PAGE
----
2. Whether a grant of a petition in state court as "uncontested" is a violation of Defendant Sixth Angel Shepherd Rescue, Inc.'s rights under the federal constitution to be protected against deprivation of property without due process of law.

Appellant's brief at 4.

Sixth Angel's initial contention is that the trial court lacked jurisdiction to grant S.P.C.A.'s petition since it filed a notice of removal with the federal district court under 28 U.S.C. § 1446 prior to the court's disposition of the petition. The S.P.C.A. replies that the state court had concurrent jurisdiction because Sixth Angel failed to properly file a copy of its notice of removal with the state court. We agree.

The issue before us presents a question of statutory interpretation. Thus, our standard of review is de novo and our scope of review plenary. Snead v. Society for Prevention of Cruelty to Animals of Pennsylvania, 985 A.2d 909, 912 (Pa. 2009). The federal notice of removal statute reads in pertinent part, Promptly after the filing of such notice of removal of a civil action the defendant or defendants shall give written notice thereof to all adverse parties and shall file a copy of the notice with the clerk of such State court, which shall effect the removal and the State court shall proceed no further unless and until the case is remanded.

28 U.S.C. § 1446(d). Our Supreme Court has held that the federal removal statute at issue "is subject to strict construction and its provisions must be strictly complied with before the jurisdiction of a state court can be ousted[.]" Crown Const. Co. v. Newfoundland American Ins. Co., 239 A.2d 452, 455 (Pa. 1968). Only where the party filing the notice of removal complies with the removal statute will the state court lose jurisdiction. Id. As the High Court stated therein, "Both the statutory language and case law indicate that, until Prompt notice is given and a copy of the removal petition Promptly filed with the clerk of the state court, the state court retains its jurisdiction[.]" Id.; see also Miller Block Co. v. U.S. Nat. Bank in Johnstown, 567 A.2d 695, 697 (Pa.Super. 1989) ("where there has not been strict compliance with the removal statute, or where the removal is subsequently determined to be invalid for lack of subject matter jurisdiction, proceedings in the state court between the filing of the removal petition and its denial are valid."). Here, the docket does not reflect that the trial court was ever properly alerted that Sixth Angel filed a notice of removal in federal court. Sixth Angel failed to ensure that its notice of removal was correctly filed in state court and did not remove the case from the state court's jurisdiction. Accordingly, the court had jurisdiction to grant S.P.C.A.'s petition.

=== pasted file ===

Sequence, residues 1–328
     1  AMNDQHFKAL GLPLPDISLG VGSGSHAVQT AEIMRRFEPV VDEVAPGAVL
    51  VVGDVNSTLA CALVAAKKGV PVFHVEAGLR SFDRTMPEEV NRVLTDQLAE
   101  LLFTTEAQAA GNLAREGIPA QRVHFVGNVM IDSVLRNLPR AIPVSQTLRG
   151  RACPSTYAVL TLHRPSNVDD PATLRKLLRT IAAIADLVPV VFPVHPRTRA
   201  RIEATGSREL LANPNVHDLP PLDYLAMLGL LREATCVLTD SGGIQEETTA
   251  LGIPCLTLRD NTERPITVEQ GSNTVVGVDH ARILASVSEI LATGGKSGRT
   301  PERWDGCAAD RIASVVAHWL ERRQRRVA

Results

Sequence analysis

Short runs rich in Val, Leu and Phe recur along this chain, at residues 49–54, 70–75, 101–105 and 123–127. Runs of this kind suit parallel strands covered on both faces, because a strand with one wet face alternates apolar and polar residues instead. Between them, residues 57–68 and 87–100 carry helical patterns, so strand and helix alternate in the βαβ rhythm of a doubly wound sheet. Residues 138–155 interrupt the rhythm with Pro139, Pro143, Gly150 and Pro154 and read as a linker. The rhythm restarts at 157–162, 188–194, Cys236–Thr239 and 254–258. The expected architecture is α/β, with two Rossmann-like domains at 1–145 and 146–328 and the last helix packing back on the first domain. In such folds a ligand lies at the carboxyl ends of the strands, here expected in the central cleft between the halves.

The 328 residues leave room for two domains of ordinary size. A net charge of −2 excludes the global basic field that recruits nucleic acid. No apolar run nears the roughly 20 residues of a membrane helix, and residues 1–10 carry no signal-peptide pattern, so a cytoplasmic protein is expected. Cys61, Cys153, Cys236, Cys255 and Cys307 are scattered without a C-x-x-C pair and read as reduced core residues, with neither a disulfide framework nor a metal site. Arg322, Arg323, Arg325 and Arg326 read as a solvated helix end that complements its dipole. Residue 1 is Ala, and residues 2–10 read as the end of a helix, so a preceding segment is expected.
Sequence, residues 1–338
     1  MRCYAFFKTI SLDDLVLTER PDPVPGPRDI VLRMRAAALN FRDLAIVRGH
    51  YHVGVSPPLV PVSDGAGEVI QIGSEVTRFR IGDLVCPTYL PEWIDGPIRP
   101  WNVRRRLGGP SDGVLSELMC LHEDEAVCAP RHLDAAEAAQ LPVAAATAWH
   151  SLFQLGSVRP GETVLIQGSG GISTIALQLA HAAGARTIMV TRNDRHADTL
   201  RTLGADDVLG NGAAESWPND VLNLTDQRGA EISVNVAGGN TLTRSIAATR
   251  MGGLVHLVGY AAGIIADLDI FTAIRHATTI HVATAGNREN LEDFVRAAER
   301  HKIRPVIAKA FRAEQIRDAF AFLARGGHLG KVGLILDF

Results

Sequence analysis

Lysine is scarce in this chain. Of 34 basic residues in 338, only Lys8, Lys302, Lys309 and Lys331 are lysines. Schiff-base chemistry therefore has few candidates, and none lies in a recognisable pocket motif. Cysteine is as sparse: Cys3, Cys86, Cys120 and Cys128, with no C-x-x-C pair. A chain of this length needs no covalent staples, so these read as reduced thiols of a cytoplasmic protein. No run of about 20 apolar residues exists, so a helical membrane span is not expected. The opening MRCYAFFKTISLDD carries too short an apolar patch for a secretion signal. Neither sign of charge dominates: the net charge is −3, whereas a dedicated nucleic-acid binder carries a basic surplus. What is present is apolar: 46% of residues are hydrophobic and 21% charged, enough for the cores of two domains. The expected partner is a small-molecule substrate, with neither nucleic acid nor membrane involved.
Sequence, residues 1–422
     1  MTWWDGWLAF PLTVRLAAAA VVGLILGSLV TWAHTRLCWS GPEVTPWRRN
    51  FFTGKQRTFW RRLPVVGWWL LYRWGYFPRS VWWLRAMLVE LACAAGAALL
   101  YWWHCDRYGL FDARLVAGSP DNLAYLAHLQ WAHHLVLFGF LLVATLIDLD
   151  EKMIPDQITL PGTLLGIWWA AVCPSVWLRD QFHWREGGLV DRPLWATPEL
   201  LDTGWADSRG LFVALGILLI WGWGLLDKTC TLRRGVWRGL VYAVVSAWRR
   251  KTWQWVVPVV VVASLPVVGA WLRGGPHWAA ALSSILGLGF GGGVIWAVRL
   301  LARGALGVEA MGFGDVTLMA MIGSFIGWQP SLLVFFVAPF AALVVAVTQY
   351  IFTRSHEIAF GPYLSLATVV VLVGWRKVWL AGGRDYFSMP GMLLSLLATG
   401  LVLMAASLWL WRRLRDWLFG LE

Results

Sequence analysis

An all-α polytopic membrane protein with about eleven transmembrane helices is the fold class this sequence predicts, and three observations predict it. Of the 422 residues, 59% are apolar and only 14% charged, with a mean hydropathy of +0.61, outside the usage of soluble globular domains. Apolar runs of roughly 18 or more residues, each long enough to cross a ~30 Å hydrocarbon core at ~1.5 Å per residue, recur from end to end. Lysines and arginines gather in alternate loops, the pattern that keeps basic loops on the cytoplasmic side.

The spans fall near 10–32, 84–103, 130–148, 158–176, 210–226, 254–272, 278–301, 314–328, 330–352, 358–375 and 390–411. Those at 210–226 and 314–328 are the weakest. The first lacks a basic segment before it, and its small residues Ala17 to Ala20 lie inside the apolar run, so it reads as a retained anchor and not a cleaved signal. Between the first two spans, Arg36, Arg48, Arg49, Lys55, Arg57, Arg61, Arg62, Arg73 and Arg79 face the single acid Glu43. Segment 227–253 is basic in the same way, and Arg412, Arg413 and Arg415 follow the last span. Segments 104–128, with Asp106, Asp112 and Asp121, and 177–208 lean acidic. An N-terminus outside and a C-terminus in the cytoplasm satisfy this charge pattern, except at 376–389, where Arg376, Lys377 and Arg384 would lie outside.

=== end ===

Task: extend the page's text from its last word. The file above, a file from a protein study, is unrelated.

Appellant's second issue is equally without merit. It is long standing law that notice to an agent is notice to a principal. Fidelity Bank v. Pierson, 264 A.2d 682 (Pa. 1970); Hepburn v. McDowell, 17 Am.Dec. 255 (Pa. 1828). Hence, Sixth Angel's contention that it was not notified of the original seizure of its dogs must fail since Mr. Alston was acting as its agent. Since the S.P.C.A. is statutorily authorized to seize dogs that are maltreated and Mr. Alston was an agent operating on behalf of Sixth Angel, the S.P.C.A. lawfully seized the dogs and Sixth Angel had constructive notice of that seizure. Moreover, Sixth Angel was afforded due process in this matter because S.P.C.A. properly served it with its petition alerting Sixth Angel to the legal proceedings. Sixth Angel simply failed to respond to the petition or ensure that its notice of removal was properly filed in state court. For these reasons, we affirm.

Order affirmed.